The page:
Michelle is hoping to receive an NSF Research Experience Undergraduate grant this summer to work in either animal medicine or veterinary research as a way of preparing, along with her current courses and lab work, for her future career in the veterinary sciences. Recently, as previously detailed in this blog, she was able to chat on Facebook with one of her personal heroes (and mine), primatologist Dr. Jane Goodall who gave some great advice about young scientists hoping to study and work with wildlife.
As I previously mentioned, Michelle has been a great help in the lab and it has been fun having her around to help her learn more about primate behavior, diet, and isotope ecology. She has been a pleasure to teach all of the methods, has learned everything quickly, and is incredibly good-natured as she always will chat about our favorite TV shows while we work and let’s me refer to her as my minion instead of research assistant (which makes everything sound much more nefarious if you ask me). She’ll be helping me out soon with a couple posts about our methods and what we do every day in the lab, so look to hear more from Michelle on the blog soon!
"Isotopes are awesome!" - Michelle (okay maybe she didn’t actually say that but I told her to pose as though that’s what she was saying)
Fun Facts about Michelle:
Google doodle celebrating what would have been Dian Fossey’s 82nd birthday
Happy Birthday to one of the pioneers in field primatology and one of “Leakey’s Angels” Dian Fossey! Dian was one of the first to study wild mountain gorillas and her work, along with that of Birute Galdikas and Jane Goodall was the foundation for much of primate fieldwork today. Until the end of her life, which was tragically cut short, Dian was passionate about conservation and led a crusade against poaching of wild mountain gorillas in Rwanda and the neighboring DRC.
Learn more about her work and the continued conservation and research of wild mountain gorillas here.
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I think this photo I took at Angkor Wat is really representative of the reality of the human-wildlife interface. We humans are an increasing presence here on the the planet. We now flock en mass to a place that was until recently an abandoned space. The lone macaque joining the crowds shows the persistence of wild things alongside us, albeit, often in the margins.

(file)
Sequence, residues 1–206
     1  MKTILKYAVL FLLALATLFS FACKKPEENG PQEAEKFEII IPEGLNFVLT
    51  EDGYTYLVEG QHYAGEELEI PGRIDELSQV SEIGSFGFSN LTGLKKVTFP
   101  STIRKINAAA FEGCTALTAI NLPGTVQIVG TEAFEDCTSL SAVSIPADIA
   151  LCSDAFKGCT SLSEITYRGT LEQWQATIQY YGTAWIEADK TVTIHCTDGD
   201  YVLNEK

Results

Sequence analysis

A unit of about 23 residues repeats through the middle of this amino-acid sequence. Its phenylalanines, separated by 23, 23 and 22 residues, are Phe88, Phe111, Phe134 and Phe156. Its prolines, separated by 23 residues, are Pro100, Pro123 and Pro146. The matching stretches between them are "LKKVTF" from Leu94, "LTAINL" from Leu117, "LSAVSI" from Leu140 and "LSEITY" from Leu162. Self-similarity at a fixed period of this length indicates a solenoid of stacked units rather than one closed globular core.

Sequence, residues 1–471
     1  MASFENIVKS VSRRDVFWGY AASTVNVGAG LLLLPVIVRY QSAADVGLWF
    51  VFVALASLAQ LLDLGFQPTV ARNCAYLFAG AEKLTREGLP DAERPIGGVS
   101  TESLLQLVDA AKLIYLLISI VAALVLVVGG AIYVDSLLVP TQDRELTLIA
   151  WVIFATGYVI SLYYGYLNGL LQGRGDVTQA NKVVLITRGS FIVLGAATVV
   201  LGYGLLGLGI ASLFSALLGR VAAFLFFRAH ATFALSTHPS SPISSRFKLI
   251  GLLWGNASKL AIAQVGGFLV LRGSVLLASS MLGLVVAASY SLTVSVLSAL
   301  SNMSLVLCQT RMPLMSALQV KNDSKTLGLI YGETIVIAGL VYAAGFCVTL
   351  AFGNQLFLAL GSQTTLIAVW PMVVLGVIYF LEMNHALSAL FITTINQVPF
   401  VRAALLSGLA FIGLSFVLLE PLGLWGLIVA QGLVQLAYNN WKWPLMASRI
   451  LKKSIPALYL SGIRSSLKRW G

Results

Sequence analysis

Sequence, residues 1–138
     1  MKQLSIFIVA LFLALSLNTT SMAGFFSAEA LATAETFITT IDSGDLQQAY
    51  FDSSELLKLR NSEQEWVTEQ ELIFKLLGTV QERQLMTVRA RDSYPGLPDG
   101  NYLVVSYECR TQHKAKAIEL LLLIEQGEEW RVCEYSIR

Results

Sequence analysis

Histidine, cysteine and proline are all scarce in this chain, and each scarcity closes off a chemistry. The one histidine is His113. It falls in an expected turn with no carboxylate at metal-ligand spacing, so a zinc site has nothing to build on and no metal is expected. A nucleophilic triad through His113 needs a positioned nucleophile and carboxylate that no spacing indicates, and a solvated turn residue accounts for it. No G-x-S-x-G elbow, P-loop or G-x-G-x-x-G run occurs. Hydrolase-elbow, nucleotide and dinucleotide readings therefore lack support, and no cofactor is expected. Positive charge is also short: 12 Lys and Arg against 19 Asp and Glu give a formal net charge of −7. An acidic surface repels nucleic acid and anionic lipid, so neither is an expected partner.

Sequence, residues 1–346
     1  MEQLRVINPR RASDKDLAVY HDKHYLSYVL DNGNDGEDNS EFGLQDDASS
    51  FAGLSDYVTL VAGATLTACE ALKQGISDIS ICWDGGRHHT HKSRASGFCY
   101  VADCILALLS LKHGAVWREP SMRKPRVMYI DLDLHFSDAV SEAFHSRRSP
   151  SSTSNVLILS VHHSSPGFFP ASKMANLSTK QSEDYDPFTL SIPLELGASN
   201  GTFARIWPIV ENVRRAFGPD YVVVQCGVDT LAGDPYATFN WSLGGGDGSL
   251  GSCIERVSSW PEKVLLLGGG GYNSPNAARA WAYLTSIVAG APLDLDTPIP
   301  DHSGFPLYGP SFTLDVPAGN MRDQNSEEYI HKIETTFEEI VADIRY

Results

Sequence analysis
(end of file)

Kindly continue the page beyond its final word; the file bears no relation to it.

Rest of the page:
I had the great pleasure of opening the workshop on Human-Wildlife Conflict at the Asia For Animals Conference 2014 held here in Singapore. My talk given on behalf of Dr. Agustin Fuentes was titled: Human & Other Animals In The Anthropocene: Conflict, Complexity & Sustainability
We had a great afternoon discussion led with Dr. Lisa Jones-Engel and Karthi Martelli. highlighting conflicts and drivers within urban settings. Not surprising, the issue of macaque-human conflict was a main topic of discussion. The primary differences in approaching conflict mitigation emerged as nuances between the cultures, government, and degree of development in the cities in which these conflicts occur.
More later - I have much catching up to do here! Tracking some monkins tomorrow with Karthi - hope to get some glamour shots of my boys up soon!
So. Tired. Six 14-hour+ days of non-stop tracking and trapping and all 6 monkeys (all majestic adult males) are collared, praise Hanuman! Plus we had some by-catch of another 4 monkins - 3 little boys and another big guy. A big thanks to the entire team - more on this excursion later. For now some lovely sights from today.
1) A full moon for luck
2) A beautiful kingfisher
3) St. Francis of MacRitchie, collared monkey #3
4) WE ARE DONE
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Too exhausted to post anything of substance about trapping and collaring just yet. 2 more collars on MacRitchie monkeys - fingers crossed for another 2 willing participants tomorrow. In the meantime, these kids were being delightful on the boardwalk while we waited for our volunteers to recover from their work-related nap post-fashion change.
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Some snaps from this week. I’m afraid I jinxed myself with my first-day-of-trapping post. So far we are 4 days in with 2 monkeys collared and 4 to go in the next 4 days - ahhhhhhh!
Photo 1: The Sharpie number on my arm was the message I left for myself and totally forgot about - the time we released our second collared monkey.
Photo 2: Dr. Agustín Fuentes waits with our first group of monkeys pre-release. This is moments before he and I nearly got struck by some epic lightning that rolled in.
Photo 3: Finally, the local equestrian club was kind enough to scout around for monkeys at one of our target sites! Hooray for new friends!